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The Lilies of Dawn Paperback – July 26, 2016
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Fogg brings the world of the story to life with all its sounds and smells and colours, making it feel close and real, and then expertly weaves the fairytale-element into that world. There’s an under-current of sadness and loss, of longing and regret, running beneath the beautiful landscape of ‘The Lilies of Dawn’ that makes me think of the movie ‘The Tale of Princess Kaguya’. In that story, as in this one, there are deep and bruising consequences when the world of the divine touches our world “below”: in the end, humans, deities, and, yes, enchanted cranes, are all affected.
Another thing I really like about ‘The Lilies of Dawn’ is how the story ties together the fantasy – the origin and fate of the demon cranes – with Kai’s very real and human journey of discovering her own strengths and weaknesses, and understanding what place she wants to claim in the world.
In Kai's world, a flock of cranes is not a problem that can be solved with a scarecrow. As the lilies are far more than flowers floating on a lake, so the cranes are far more than a flock of hungry birds. And who is the handsome and enigmatic Kevak, whose noble bearing is at odds with his expertise at scrubbing floors?
Like all the best fantasy, The Lilies of Dawn has resonance with our own world in our own time, though it refrains from beating us over the head with it. Nevertheless, the more Kai finds out about the cranes, the more I came to think about where else I'd heard about communities defending what they need from newcomers who don't want to be there in the first place.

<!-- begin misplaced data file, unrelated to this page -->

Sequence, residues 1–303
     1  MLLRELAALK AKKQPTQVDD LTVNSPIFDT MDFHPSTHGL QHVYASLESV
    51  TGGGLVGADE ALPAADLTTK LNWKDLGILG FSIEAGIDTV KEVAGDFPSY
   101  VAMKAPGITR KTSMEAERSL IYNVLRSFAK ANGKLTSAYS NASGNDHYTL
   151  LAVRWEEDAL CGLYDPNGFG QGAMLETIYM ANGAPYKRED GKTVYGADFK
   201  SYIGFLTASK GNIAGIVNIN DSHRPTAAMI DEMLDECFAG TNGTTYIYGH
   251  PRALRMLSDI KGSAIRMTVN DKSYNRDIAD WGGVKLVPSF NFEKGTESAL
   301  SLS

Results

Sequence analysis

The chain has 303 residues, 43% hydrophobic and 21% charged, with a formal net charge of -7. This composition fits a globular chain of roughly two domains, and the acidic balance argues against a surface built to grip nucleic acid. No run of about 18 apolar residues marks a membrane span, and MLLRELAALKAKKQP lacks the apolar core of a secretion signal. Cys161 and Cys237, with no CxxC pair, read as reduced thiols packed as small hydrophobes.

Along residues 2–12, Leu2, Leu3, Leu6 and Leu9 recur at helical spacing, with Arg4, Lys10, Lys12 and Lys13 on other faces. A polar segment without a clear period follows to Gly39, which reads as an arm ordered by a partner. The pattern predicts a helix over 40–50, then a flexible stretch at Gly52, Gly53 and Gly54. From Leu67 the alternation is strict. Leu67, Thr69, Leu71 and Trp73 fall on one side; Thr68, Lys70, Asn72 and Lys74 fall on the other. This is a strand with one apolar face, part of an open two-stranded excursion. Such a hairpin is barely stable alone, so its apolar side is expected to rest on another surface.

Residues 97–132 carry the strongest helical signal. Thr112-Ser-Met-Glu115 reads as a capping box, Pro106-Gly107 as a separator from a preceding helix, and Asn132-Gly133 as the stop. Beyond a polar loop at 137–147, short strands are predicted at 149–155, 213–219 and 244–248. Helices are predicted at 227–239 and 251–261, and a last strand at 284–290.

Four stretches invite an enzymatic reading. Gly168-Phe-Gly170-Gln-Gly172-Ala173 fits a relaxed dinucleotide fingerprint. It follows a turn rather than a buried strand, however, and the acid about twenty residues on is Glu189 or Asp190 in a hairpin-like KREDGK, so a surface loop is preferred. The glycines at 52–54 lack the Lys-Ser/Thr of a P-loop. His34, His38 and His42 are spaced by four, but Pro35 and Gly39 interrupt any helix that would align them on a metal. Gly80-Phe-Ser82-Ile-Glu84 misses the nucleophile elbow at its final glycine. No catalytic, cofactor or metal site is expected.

Not that I needed that thought to make the story worth reading. I was happy to just enjoy the tale.
It’s the story of Kai, who is the daughter of the Priestess of the Dawn Mother. A deity who’s beautiful lilies bloom at dawn and give an elixir that cures ills. However, mysterious sunlit cranes sweep in out of nowhere to steal the precious nectar and poison the flowers. Shamans, Priests and monks seek to rid the village of the birds but none succeed – until a mysterious young man appears with a possible solution.
I was pleasantly surprised with the story. A solid plot that combines real life with mysticism. There were a few things I predicted, but it wasn’t a disappointing experience – and there were few where I thought I knew where it was going and it didn’t. Like the ending! Although in hindsight I should have seen that coming haha.
The words flow beautifully along, strung almost poetically from the perspective of Kai. We get to understand her persona, learn about life and how everything has been building towards the climatic end.
Outside of my scope, still a recommended read.
Let’s start with the praise. This book is gorgeously written, with a gorgeous cover by likhain. The world-building is rich and the characters are interesting, I’d love to read more stories set in this world.
The story itself is introspective, the main character is questioning her place in the world and much of the conflict is character-driven. It’s a quiet story, well-executed.
At the same time, I would have loved for it to be longer, but I pretty much always feel this way about shorter books when they’re good. Some people may find the ending dissatisfying, but keep in mind that it’s a novelette (essentially a long short story) and not a novella or novel. I enjoyed it a lot, but if you’re not comfortable with bittersweet or ambiguous endings, this may not be a story for you.
I’m definitely going to have to check out Vanessa Fogg’s other short work, and I look forward to any book-length work she puts out in the future.